to help venezuelans, who are struggling to cope with hyper—inflation which is estimated to be around the 500% mark. the opposition says mr maduro is responsible for an economic crisis which has been engulfing the oil rich country for the last few years. we will talk about cars. we have managed to establish a link. karel williams is a professor at alliance manchester business school. this is the guest we intended to speak to at the beginning of the programme. thanks for joining speak to at the beginning of the programme. thanks forjoining us. we have mentioned the challenges facing the car industry. from your point of view what is the big issue? there are three big issues. first, free trade with mexico after president trump. secondly, the mobility revolution, autonomous cars, and third, diesel cake. if you put them
together it is a perfect storm for the motor industry. trade, of all the motor industry. trade, of all the things we buy, the car is possibly the most complex in terms of the way it is put together. if you have a hurricane in thailand it can disrupta you have a hurricane in thailand it can disrupt a production line in dagenham. if you have a more protectionist world, mr trump perhaps in the us, and other regimes around the world, what happens? perhaps in the us, and other regimes around the world, what happen57m is an interesting question. a formal public position of the industry is tell us the rules and we will adopt. —— adapt. if we look at it more broadly there is an important issue that an industry like the american assembly industry is heavily dependent on cheap imported components from mexico. 40% of components from mexico. 40% of components in us assemble cars come from mexico. what the industry will hope is president trump makes noises
about assembly but does not disrupt the supply chain arrangements. what if he does? he seems to be a man with a mission. it is an interesting question, the whole thing about president trump is there is ambiguity. he is between his midwest, ambiguity. he is between his m idwest, westervelt ambiguity. he is between his midwest, westervelt voters and his cabinet of billionaires and exactly how he pitches it i do not know. assembly in mexico will be frowned upon —— west belt. a reordering of the supply chain, i rather doubt. thanks. china's ruling communist party has introduced tougher rules for it's corruption investigators after anti—corruption staff were put under investigation themselves. steven mcdonald is in beijing. tell us more. steven mcdonald is in beijing. tell us more. china has half a million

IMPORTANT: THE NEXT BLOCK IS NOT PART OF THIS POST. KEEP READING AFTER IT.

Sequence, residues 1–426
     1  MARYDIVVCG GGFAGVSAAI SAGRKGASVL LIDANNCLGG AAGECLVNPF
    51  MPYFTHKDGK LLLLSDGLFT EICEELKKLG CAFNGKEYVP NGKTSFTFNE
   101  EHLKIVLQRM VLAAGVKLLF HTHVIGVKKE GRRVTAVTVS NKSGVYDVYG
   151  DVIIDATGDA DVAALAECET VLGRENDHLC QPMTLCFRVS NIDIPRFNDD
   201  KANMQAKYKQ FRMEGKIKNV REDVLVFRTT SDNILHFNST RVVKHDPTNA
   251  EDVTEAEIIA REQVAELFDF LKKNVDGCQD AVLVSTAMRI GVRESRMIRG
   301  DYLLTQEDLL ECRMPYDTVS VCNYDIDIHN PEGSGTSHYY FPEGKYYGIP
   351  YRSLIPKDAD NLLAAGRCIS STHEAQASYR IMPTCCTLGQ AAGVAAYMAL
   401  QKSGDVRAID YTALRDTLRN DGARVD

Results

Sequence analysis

anti—corruption us more. china has half a million anti—corru ption investigators answering the call from the president to go after those who are seen to have behaved corruptly within the communist party. now, to some extent, the spotlight is turned on them with new rules. how they investigate people, how they conduct surveillance. and that is because 7900 of these investigators are said to have been punished in some way, and 17 of them have been investigated for having committed their own corruption. this is about their own corruption. this is about the party trying to shore up public faith in this anti—corruption drive. thanks. an interesting story. china, it would seem, on its own mission when it comes to clamping down on corruption. it comes in waves. there is always a clamp—down in corruption